In this chapter, I suggest that Connecticut’s and other states’ recent discontinuation of civil unions in the name of marriage “equality” marginalizes and demeans marriage – rejecting people who may nonetheless wish to codify their intimate partnerships – for purposes of legal “incidents,” including rights and privileges, like hospital visitation rights, testimonial privilege, inheritance rights, etc. In doing so, I also call for a rejuvenation of the practice of granting civil union licenses in these states.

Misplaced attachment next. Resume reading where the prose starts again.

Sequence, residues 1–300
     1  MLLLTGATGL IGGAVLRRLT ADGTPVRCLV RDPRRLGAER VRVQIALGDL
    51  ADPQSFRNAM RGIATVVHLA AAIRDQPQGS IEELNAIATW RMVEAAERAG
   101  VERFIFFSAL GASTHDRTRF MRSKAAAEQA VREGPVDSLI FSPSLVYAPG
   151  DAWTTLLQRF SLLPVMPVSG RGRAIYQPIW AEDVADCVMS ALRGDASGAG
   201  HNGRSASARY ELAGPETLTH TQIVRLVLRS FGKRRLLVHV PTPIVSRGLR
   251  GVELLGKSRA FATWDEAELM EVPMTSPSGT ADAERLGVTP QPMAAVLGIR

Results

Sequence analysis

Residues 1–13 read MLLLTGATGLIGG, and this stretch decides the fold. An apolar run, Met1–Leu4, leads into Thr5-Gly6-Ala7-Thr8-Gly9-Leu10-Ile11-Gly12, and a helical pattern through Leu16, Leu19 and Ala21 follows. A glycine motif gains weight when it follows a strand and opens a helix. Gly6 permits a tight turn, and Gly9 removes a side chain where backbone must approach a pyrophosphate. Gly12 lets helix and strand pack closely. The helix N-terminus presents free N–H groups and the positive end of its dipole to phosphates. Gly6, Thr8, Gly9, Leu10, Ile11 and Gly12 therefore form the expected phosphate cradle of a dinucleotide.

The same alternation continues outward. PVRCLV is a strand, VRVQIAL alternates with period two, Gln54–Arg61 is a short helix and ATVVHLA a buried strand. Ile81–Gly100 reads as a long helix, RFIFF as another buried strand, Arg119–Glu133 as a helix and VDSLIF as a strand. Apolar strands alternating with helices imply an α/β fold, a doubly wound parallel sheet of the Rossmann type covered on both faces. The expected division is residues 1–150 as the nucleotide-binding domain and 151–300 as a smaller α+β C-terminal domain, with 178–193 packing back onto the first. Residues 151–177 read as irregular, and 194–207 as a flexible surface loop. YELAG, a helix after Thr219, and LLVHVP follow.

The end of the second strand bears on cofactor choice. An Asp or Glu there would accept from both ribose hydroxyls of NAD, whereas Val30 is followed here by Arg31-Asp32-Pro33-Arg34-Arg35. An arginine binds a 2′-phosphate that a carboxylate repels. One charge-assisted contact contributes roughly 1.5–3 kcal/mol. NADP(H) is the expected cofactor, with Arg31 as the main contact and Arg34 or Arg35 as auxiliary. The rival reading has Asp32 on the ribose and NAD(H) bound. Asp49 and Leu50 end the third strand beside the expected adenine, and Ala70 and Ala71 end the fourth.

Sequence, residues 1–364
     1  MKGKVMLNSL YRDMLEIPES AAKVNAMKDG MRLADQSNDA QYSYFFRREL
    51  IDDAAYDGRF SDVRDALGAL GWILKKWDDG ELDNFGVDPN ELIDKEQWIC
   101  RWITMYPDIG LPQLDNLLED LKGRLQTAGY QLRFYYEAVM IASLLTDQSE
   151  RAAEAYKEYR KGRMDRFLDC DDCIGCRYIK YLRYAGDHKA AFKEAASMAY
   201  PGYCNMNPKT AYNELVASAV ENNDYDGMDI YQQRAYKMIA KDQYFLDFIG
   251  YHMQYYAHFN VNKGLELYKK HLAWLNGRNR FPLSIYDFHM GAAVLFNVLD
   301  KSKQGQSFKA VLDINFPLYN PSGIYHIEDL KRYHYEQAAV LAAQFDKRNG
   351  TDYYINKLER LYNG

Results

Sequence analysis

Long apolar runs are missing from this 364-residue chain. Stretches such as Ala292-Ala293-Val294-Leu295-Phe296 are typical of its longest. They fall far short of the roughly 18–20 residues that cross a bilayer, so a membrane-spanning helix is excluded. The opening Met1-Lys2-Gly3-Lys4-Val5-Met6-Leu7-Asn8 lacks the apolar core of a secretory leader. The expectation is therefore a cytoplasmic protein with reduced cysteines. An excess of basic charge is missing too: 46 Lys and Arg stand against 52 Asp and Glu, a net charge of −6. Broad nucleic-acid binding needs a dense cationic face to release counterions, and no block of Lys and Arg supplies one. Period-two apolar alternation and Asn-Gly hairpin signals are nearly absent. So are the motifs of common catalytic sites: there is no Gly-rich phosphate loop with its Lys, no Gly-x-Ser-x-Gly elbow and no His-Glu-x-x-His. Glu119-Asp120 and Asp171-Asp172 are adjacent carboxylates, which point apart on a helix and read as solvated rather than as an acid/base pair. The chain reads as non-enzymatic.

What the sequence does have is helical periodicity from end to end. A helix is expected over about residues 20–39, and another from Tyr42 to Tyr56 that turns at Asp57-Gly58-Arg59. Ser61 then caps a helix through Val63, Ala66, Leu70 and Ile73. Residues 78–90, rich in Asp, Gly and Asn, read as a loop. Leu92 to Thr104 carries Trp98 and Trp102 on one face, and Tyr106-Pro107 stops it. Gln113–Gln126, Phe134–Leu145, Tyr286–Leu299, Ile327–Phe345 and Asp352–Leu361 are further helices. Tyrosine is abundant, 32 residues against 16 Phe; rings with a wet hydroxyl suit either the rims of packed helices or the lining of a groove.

I am indebted to Elizabeth F. Cohen, Gordon Danning, Shaohua Hu, and an anonymous reviewer for their insightful comments on earlier drafts of this essay. They have each helped me strengthen the argument presented here.
Ghosh, C. (2017), "The Emergence of Marriage Equality and the Sad Demise of Civil Unions", Studies in Law, Politics, and Society (Studies in Law, Politics, and Society, Vol. 73), Emerald Publishing Limited, Bingley, pp. 1-20. https://doi.org/10.1108/S1059-433720170000073001
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